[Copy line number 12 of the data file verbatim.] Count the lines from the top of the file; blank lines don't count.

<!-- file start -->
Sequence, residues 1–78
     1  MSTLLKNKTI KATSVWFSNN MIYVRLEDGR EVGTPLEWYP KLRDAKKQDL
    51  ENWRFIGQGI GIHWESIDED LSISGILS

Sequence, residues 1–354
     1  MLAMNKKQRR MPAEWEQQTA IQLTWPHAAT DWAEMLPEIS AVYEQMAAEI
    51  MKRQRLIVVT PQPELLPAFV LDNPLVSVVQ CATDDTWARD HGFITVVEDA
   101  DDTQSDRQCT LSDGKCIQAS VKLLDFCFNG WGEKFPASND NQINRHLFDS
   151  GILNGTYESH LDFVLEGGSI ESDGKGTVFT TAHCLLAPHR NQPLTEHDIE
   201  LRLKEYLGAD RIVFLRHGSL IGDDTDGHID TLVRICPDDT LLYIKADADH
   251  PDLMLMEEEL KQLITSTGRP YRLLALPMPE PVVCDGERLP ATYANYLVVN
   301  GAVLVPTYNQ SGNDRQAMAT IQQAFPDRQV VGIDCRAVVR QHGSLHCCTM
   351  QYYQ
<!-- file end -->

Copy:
   351  QYYQ